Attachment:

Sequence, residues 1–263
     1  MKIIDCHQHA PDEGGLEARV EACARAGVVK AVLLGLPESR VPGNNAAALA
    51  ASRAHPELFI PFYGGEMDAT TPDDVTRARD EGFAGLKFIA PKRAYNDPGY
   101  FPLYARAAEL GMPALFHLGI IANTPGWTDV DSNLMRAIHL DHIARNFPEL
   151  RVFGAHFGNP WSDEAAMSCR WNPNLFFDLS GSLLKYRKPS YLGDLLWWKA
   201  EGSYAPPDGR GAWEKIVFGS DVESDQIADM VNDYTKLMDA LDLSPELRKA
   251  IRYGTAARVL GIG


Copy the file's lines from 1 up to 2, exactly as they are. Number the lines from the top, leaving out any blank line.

Sequence, residues 1–263
     1  MKIIDCHQHA PDEGGLEARV EACARAGVVK AVLLGLPESR VPGNNAAALA